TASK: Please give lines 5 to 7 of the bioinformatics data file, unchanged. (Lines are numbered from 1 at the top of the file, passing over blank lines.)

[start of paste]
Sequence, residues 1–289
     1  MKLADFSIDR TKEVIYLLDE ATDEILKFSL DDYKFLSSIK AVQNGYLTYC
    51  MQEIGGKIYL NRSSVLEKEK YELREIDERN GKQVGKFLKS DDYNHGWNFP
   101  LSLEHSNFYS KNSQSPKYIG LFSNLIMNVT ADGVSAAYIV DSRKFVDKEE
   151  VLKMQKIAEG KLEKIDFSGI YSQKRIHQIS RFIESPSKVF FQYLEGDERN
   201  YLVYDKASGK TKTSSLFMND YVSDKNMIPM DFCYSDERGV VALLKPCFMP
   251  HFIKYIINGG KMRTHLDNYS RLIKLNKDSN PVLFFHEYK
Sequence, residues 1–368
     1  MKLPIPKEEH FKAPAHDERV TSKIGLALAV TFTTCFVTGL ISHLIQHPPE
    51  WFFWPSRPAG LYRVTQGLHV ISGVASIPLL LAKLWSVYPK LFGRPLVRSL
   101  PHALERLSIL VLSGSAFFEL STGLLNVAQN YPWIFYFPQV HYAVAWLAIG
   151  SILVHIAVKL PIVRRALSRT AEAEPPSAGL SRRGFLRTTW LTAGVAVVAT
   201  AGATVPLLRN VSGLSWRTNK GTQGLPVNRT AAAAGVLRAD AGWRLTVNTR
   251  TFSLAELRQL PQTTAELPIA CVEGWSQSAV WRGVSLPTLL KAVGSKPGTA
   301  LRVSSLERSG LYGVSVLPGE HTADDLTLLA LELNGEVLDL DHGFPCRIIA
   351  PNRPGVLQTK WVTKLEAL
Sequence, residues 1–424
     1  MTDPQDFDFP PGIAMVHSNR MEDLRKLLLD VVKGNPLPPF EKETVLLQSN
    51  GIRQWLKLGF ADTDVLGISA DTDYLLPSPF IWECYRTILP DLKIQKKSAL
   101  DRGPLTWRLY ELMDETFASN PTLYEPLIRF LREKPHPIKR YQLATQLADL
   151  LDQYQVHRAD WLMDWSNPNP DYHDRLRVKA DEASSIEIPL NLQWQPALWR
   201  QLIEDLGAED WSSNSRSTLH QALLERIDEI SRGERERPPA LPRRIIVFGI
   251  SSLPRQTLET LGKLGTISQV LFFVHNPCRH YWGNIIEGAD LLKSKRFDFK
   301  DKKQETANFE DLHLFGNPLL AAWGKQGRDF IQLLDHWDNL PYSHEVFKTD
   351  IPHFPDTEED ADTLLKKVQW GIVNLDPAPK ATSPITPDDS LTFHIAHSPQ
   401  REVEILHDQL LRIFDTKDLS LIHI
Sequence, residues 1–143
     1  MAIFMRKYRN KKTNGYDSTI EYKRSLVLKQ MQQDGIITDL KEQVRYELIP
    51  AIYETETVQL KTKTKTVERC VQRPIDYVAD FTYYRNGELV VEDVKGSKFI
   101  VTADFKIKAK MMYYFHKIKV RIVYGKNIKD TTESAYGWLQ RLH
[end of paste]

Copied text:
   151  VLKMQKIAEG KLEKIDFSGI YSQKRIHQIS RFIESPSKVF FQYLEGDERN
   201  YLVYDKASGK TKTSSLFMND YVSDKNMIPM DFCYSDERGV VALLKPCFMP
   251  HFIKYIINGG KMRTHLDNYS RLIKLNKDSN PVLFFHEYK